Sharing A World of Ideas On Recycling

Green parts marketing. International vehicle-processing standards. Worldwide definitions for "auto recycler." End-Of-Life Vehicles (ELVs). The benefits of product reuse. These were some of the major topics discussed at the 2010 International Roundtable on Auto Recycling (IRT).

Held roughly every 18 months, the IRT gives auto recyclers the opportunity to discuss the hottest industry topics, best practices and exchange national information.

"The IRT is an opportunity to hear directly from automotive recyclers around the world - their challenges, successes and initiatives," explained Steve Fletcher, managing director of Automotive Recyclers of Canada (ARC), the event's host association. "What happens elsewhere may happen in your region and it is helpful to meet other recyclers to talk directly about issues and to establish relationships to tackle issues together as they arise."

On September 19, 2010, the fifth IRT ( convened in Canada. For three days - Sunday, Monday and Tuesday - 120 auto recyclers from Canada, the United States, Mexico, Japan, Malaysia, Australia, England and the Netherlands met in Quebec City, Quebec.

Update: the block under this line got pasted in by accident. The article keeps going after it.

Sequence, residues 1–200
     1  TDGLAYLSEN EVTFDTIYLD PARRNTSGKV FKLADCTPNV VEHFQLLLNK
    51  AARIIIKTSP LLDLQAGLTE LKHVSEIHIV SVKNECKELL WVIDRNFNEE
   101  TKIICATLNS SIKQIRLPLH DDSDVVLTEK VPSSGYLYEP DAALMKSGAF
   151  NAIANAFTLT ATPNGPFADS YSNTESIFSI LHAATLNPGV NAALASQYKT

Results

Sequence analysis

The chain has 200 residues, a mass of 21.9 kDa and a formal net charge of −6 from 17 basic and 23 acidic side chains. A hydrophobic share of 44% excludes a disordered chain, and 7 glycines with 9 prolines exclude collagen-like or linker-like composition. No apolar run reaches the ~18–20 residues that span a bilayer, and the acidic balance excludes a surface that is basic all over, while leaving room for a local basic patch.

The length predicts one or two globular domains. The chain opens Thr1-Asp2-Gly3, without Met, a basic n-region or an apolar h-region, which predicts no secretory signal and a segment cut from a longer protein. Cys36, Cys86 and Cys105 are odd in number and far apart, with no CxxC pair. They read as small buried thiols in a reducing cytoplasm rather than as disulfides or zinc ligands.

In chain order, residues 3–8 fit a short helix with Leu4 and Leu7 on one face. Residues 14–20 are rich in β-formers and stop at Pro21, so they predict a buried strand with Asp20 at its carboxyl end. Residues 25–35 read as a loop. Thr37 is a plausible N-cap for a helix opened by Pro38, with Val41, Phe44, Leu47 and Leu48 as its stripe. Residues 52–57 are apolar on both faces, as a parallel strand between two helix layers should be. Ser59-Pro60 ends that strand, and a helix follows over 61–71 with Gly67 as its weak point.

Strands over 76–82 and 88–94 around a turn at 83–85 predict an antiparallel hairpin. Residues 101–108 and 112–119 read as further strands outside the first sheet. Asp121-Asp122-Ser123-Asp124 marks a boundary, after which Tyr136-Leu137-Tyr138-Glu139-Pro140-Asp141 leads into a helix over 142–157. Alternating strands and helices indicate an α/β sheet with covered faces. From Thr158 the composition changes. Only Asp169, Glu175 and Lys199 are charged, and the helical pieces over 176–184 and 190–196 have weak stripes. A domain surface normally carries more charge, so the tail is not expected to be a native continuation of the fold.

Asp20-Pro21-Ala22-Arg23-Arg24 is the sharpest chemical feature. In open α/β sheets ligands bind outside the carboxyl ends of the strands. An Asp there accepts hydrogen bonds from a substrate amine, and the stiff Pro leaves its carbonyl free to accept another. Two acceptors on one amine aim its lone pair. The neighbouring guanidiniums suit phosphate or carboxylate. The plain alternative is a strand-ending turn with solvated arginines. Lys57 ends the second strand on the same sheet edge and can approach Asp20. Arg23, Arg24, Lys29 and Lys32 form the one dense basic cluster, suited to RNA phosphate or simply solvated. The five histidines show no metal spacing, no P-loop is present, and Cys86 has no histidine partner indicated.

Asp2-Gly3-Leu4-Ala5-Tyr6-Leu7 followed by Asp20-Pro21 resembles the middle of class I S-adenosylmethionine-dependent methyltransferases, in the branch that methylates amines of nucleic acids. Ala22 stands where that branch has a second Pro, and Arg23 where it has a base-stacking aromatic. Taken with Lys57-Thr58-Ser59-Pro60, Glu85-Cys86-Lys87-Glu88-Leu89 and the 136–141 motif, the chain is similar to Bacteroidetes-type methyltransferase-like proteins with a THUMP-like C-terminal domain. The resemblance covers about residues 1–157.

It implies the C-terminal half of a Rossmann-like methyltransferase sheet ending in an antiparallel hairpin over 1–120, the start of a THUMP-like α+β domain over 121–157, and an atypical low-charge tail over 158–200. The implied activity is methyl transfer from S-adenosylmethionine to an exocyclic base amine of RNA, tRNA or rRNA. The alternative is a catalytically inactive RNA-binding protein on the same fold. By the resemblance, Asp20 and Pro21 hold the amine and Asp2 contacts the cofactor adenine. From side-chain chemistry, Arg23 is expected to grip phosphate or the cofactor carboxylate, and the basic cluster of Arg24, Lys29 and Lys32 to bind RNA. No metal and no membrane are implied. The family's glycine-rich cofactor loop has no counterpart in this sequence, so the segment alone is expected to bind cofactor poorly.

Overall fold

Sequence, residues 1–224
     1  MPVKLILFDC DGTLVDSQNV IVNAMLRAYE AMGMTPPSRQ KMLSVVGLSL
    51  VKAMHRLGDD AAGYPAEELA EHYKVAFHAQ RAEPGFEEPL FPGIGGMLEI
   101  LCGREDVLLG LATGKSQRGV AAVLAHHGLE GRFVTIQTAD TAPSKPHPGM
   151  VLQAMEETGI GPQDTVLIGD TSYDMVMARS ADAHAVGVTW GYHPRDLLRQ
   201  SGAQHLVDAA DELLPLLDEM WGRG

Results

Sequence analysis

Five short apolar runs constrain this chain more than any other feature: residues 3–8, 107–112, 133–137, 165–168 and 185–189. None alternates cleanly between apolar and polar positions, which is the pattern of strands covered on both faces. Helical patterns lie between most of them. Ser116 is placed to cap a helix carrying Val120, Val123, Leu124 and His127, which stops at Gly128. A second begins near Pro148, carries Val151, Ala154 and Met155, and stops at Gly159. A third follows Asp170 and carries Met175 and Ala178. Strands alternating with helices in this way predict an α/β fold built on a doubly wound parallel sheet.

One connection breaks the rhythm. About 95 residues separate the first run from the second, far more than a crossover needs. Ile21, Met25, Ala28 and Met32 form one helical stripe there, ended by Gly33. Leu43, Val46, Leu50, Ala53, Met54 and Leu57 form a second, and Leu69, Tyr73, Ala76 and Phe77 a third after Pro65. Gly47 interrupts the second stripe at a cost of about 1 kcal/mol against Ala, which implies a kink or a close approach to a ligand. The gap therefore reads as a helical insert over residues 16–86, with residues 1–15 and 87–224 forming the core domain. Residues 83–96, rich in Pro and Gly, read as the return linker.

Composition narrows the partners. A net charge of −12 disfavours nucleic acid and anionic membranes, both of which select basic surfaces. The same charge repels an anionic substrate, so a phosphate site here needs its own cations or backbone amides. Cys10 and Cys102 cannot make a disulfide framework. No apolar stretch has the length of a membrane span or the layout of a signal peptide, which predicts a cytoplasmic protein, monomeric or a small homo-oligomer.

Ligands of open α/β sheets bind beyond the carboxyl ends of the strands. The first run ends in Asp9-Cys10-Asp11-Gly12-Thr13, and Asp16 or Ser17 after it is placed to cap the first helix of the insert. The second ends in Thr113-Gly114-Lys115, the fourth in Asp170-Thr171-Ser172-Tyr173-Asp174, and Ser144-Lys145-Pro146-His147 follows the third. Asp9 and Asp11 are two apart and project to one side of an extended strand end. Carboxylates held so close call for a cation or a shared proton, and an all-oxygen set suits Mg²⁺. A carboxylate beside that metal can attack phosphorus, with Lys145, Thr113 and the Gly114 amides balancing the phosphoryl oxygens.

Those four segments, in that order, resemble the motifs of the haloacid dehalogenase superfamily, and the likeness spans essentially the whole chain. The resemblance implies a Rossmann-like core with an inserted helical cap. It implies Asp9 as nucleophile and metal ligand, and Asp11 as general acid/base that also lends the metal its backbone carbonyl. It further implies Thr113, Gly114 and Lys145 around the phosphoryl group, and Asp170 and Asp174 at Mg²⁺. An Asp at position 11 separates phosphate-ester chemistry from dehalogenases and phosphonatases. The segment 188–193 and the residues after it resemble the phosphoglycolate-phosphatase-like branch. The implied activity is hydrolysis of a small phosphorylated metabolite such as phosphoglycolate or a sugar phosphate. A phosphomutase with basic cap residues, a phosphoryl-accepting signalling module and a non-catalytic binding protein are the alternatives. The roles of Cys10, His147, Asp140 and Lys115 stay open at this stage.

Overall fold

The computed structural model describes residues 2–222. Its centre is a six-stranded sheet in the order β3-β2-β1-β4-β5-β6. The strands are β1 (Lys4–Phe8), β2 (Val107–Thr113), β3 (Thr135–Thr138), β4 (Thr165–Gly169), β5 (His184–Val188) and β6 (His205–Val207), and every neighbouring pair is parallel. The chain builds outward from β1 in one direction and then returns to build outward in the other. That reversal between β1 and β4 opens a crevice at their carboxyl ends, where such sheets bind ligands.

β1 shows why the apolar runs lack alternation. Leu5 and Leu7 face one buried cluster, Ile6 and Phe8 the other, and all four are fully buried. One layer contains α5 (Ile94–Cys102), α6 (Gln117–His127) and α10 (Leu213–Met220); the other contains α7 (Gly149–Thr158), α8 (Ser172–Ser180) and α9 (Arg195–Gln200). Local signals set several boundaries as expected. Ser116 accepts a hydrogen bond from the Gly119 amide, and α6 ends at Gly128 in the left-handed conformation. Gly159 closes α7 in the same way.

Fletcher said the above-mentioned issues were common themes and action items at the IRT. Attendees also discussed how to increase interaction - with the public, government and insurers - and how to keep communication open with each other between IRT events.

"Many global issues are common to all recyclers," said Fletcher. "Countries have developing industries or are developing more stringent policies. We need to learn from one another what works and what doesn't."

Fletcher plans to expand on the topics presented at the IRT during the 2010 ARA convention. He is a speaker at the October 20 - 23 event in Austin, Texas.

"It is ARA's goal to incorporate more global talks to learn from other areas," he said. "My topic is international recycling, with Canada as the emphasis."

Currently, one of the biggest issues for U.S. auto recyclers is salvage acquisition. Fellow colleagues from other nations could help solve this problem. Fletcher said European and Japanese auto recyclers don't face the same problems, as they have established a level of standards and licensing as to who processes vehicles.

The IRT 2010 also included reports from California, Quebec and a new Australian association, plus 11 global statements from all corners of the industry, including shredder residue treatment, ELV management plans and training.

The event kicked off with tours of three of Quebec's most progressive and successful auto recycling facilities: Pieces d'autos Dumont, Inc. (, Lecavalier Auto Parts, Inc. ( and LKQ Pintendre Autos, Inc. (

The IRT has tentatively scheduled its next meeting for the Netherlands in 2012 and the United States in 2014.

"The event was an enormous success," concluded Fletcher. "It surpassed our expectations for the number of delegates, and the depth of learning and sharing."

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